Law & Order


Proposals for new wilderness areas in the Southwestern portion of the country were approved by the House Natural Resources Committee. The bills were modified from their original versions to incorporate several technical changes at the request of federal officials and various stakeholders.

By law, wilderness areas generally prohibit roads and the use of motorized vehicles. The issue is consequential to SEMA members as off-roaders will have less riding areas in the region and potentially less demand for OHV equipment. Currently there are more than 20 other wilderness bills pending before Congress. 

Among the bills approved by the House was a proposal that would expand federal protection to 190,000 acres of Southern California desert and forest by creating four new wilderness areas and increasing the size of six existing areas. In addition, it would add about 5,000 acres to the Santa Rosa and San Jacinto Mountains National Monument. Under the bill, 41,000 acres of Joshua Tree National Park would be labeled "potential wilderness" until the National Park Service settles property claims, at which point they would become true wilderness areas.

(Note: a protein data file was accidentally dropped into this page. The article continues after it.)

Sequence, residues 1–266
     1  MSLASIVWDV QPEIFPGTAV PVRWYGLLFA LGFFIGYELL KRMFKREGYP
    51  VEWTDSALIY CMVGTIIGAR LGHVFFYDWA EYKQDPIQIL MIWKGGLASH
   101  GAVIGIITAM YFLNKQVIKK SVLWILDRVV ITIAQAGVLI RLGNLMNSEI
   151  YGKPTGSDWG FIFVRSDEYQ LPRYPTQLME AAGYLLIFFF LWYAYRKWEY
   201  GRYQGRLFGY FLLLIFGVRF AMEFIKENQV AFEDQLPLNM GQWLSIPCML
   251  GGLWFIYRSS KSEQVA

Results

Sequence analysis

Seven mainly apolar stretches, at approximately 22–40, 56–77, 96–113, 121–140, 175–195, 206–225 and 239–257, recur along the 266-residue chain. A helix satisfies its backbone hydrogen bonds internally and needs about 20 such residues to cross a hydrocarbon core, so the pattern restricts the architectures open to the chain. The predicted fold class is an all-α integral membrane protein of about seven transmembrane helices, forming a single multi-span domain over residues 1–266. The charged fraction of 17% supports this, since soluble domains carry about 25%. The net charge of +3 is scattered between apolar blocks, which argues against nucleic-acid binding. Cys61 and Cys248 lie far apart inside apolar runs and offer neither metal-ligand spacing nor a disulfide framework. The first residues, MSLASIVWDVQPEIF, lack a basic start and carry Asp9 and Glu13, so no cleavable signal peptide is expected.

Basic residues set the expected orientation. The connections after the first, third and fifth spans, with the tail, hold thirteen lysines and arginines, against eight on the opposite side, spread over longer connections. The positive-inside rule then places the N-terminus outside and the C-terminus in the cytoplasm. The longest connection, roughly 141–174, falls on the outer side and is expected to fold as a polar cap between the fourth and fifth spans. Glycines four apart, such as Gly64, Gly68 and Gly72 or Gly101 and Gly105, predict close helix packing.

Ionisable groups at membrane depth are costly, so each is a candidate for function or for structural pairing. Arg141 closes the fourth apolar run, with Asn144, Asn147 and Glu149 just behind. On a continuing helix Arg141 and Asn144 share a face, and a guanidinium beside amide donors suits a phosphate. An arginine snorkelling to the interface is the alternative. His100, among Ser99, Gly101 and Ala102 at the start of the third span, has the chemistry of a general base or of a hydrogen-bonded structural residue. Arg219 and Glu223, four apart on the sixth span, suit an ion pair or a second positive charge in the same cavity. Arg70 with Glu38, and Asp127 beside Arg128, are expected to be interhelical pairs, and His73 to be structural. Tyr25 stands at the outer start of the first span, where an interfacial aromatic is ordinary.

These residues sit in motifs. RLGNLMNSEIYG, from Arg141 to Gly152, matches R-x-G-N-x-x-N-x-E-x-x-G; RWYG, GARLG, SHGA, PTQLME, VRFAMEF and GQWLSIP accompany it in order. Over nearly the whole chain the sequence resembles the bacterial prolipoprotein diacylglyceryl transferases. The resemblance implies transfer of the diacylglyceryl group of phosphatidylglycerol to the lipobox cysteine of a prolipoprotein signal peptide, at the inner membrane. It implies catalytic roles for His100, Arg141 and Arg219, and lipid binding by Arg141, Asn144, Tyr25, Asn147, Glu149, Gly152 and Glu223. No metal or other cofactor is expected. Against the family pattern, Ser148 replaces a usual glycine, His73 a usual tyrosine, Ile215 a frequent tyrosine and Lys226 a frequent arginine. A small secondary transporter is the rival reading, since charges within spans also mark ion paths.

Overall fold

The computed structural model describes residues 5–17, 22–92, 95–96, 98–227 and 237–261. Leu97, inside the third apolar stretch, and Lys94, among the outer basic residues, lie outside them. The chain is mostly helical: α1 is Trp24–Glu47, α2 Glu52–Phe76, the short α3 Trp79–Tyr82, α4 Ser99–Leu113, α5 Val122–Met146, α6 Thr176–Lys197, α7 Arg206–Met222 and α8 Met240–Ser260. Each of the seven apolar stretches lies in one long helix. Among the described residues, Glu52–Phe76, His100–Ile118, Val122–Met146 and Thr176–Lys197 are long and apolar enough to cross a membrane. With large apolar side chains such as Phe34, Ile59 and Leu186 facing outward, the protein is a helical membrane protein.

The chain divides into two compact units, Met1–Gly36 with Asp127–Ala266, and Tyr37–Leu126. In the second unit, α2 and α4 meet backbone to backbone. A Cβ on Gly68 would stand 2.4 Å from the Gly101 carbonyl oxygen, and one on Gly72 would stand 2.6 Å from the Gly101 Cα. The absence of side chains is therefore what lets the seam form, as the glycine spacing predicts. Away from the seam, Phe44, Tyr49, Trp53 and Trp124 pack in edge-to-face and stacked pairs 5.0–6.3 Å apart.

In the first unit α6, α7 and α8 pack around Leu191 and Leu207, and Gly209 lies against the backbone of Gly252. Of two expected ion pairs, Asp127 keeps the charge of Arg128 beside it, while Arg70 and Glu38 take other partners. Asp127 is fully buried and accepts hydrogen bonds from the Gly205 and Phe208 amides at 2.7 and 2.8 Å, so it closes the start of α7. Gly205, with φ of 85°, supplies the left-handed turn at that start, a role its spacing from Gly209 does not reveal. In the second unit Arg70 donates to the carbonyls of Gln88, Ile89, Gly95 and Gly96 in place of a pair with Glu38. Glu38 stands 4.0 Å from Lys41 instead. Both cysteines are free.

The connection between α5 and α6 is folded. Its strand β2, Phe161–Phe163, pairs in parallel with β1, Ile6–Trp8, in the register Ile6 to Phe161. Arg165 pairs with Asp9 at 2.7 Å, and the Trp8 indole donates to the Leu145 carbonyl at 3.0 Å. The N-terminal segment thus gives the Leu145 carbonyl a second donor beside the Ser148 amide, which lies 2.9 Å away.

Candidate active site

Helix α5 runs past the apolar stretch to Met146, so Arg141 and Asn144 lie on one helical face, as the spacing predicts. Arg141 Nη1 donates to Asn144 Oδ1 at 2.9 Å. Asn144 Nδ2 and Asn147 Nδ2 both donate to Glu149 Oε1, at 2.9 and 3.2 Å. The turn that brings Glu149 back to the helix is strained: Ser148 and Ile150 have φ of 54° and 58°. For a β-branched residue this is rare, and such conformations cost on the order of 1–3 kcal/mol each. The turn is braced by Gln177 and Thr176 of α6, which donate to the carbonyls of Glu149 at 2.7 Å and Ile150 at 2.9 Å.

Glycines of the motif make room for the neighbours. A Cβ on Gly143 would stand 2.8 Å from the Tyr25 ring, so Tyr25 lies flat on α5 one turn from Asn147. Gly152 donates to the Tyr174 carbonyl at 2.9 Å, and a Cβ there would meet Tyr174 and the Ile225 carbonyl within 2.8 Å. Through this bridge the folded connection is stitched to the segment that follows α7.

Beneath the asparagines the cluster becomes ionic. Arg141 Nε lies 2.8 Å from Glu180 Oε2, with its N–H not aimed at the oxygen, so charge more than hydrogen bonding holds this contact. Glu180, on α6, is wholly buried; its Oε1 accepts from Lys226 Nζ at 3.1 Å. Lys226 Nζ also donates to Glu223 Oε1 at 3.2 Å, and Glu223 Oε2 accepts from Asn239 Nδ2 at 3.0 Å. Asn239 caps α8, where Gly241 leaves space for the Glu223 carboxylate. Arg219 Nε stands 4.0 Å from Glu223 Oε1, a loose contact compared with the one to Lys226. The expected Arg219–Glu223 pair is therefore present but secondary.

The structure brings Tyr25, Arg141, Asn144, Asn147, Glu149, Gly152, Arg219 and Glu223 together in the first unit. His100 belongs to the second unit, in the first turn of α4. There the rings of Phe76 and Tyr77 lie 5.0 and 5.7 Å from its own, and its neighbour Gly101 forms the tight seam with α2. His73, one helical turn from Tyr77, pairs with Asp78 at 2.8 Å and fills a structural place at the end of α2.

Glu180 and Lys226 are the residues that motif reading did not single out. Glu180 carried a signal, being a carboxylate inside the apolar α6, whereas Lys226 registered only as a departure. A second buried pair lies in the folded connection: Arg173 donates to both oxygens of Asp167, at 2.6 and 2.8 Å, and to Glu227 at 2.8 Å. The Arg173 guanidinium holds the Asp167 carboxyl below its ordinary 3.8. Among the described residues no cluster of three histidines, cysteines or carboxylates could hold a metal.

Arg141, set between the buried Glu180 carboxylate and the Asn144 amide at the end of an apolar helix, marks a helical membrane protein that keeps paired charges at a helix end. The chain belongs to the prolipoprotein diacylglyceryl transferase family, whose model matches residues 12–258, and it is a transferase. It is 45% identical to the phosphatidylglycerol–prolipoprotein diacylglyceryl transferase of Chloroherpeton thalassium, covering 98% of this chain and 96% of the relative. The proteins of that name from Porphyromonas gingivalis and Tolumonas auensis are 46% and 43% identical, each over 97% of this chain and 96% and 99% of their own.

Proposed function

A second California proposal creating a wilderness area in the Sequoia-Kings Canyon National Park was also approved by the House Natural Resources Committee. The bill would designate approximately 70,000 acres in the Mineral King Valley as wilderness. The area was added to the National Park system in 1978 after the Walt Disney Co. attempted to build a ski area there. The current proposal would also add an additional 43,500 acres to an existing wilderness area within the park.

After several months of negotiations, the Committee also approved a bill creating the Sabinoso Wilderness Area in northeast New Mexico. Through continued discussions with the Bureau of Land Management and other stakeholders, the amount of land in the proposal was reduced from 19,880 acres to 15,995 acres.

SEMA continues to support land-use decisions that allow local communities and government authorities to participate in the decision-making process. Within that context, SEMA supports the conservation of land and protection of wildlife together with appropriate, regulated use of motorized vehicles on federal lands.

Details: Jason Tolleson at